Adventures with the iOs Apple Store

This is my experience with publishing apps on the Apple store and trying to make a living out of it.

1 The beginnings

Around 2010, I wrote as an independent developer an iOs app to help myself and others learn English.

I manage to develop this first working app, I shipped it to the Apple Store and was surprised to see that some people where buying it. I realized that since I was making some money out of it, I could theoretically become independent by writing more apps or having my app more successful. I decided to give it a try.

2 Strategy

At the same time I was reading the The Personal MBA. It gave me some basis around business strategies and I really liked the idea of multiplication: trying to create different versions of the same business. By Making more learning apps for different languages combination (English French, German French, Spanish English etc.) that was possible.

I did some basic math and realized that if I were to sold some apps every day­each app giving me back 1€ of royalty­to match my salary of the time I would need to sell `3000/30 = 100` apps per day. I did not think it would be very easy to do that with one app. However If I were to create several apps, I bet someone would buy one of each each day.

So I needed at least 300 apps. Again doing some math and using combinations `32! / (30! x 2!) = 496`. I found I needed at least 32 different languages.

It took some research and some data mining but I managed to automate almost all aspects of app creation and publication.

3 Success

It worked pretty well! After publishing around 150 apps I was selling enough to be able to stop my employed job! Even better than I hoped!

I remember being with my Dad when I got the news and I was so pumped. I felt I was really onto something and It was amazing to actually build something that was providing enough for me to live.

It felt like ultimate freedom.

4 Problems

With success problems started to appear. First of all I had mixed reviews around my apps. Some people absolutely loved them. Others were pretty disappointed. There is a limit to what an automated system can do but I was determined to fix the issues.

As I was working hard on fixing bugs and brainstorming on new ideas I got contacted as I was shipping a new round of apps. At that time I had around 500 apps online and I was shipping more and would have approached 800 apps.

This is when Apple accused me of spamming the Apple store. In my eyes all I was doing was applying a business strategy to sell my apps and to increase my benefits. I thought it was clever and it was an approach described in the MBA book. This became clear when I realized that Apple was just trying to push in-app purchases and they wanted me to use this method instead.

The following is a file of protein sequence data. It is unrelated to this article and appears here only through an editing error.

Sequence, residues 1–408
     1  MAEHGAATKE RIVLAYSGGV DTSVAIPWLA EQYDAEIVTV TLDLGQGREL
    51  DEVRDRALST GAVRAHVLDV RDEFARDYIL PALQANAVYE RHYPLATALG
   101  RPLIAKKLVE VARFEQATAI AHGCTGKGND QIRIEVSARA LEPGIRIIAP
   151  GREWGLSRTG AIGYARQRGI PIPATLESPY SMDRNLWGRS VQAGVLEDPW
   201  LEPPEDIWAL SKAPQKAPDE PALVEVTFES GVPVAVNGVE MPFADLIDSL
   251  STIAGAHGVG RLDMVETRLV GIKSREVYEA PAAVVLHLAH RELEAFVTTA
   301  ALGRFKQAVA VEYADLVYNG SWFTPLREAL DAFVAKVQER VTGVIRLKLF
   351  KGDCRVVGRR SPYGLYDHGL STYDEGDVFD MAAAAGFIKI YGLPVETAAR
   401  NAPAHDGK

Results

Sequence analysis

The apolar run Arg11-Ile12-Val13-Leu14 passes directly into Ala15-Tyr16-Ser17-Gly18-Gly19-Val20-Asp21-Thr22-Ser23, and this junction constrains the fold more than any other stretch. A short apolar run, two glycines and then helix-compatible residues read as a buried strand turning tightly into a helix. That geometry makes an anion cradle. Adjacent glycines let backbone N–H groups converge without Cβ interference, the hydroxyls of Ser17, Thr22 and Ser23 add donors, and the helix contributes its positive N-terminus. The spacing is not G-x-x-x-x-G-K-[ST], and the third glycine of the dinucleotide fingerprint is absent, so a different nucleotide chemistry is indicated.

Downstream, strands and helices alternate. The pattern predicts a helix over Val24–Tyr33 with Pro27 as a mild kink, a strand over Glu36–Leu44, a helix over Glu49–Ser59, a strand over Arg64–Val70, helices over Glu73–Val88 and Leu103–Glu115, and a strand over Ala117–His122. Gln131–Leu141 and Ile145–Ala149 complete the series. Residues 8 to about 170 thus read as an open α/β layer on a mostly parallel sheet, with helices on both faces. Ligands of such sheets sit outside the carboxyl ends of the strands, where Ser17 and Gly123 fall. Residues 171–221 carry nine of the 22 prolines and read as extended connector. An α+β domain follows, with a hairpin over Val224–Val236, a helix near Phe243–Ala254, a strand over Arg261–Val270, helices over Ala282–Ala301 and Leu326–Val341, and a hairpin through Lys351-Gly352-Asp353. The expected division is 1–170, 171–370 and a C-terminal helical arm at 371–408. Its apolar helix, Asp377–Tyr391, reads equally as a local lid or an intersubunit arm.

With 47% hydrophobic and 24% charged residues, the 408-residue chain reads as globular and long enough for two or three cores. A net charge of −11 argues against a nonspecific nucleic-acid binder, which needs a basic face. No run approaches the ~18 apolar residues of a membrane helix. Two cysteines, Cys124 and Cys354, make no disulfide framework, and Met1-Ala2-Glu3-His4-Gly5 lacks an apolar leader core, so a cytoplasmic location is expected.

I was disappointed but I was forced to do it. So I rewrote my apps, lost a lot of apple store exposure and with it a lot of sales At that time I moved down to one app for each family of language. One for French, one for English, one for German etc. Each of those apps would have in app purchases for other languages.

So I was down to around 50 apps but It was not enough for Apple and soon they asked me to switch to one single app. I sent some messages and eventually someone from Dev support contacted me. I could tell that the person had trouble understanding my broken French English accent and marketing strategies were very foreign to him. All the requests I made were denied.

5 Depression

This was a pretty hard hit on me. The sentiment of liberty I had completely disappeared with all the things Apple hit me with. I was trapped because I had only one channel of distribution through the Apple Store. This sole distribution channel was a big mistake. This is something mentioned in the MBA book so I knew it was a problem and I was concerned about it even before Apple begin contact me.

In honesty I had plans to ship my apps to Android but Apple hit me too soon and I lost motivation. I was also feeling lonely working on apps alone. So I stopped completely the development of new apps. Stopped fixing bugs and decided to let my apps die. This was in conjunction with Apple releasing new versions of iOs and deprecating old APIs. Sometimes my apps would just break with an iOs update. This was unpredictable and very time consuming.

There was also a lot of talk about how difficult it was for solo developers to make a living from the iOs Store and having to work with the apple 30% tax on any sell.

6 Back to Employee work

So I went back to employee work. There were good parts. I was back in a team, and I could learn a lot from other developers. I have a lot of new friends. There were bad parts. While other developers were improving their technical skills I had focused more on Business and Marketing skills. I felt It was an edge but I have never been able to use those skills completely as an employee developer. Sometimes I felt that I was bullied on code reviews by developers who had focused time learning the intricacies of one particular language.

Overall I don't regret this experience. I learned a lot, I was quite successful for a time and I have now put in place a system around continuous learning that makes me really good technically. This would not have happened if I did not feel a gap in knowledge between me and other developers.

Actually I feel more knowledgeable technically than most of my coworkers. This is not because I am smarter, it is just because I have better learning techniques in place and I am very proactive in my learning. I think I will go back one day to shipping and selling my own apps. My experience will Apple will help me to not make the same mistakes. Hopefully this story will help you too in some ways.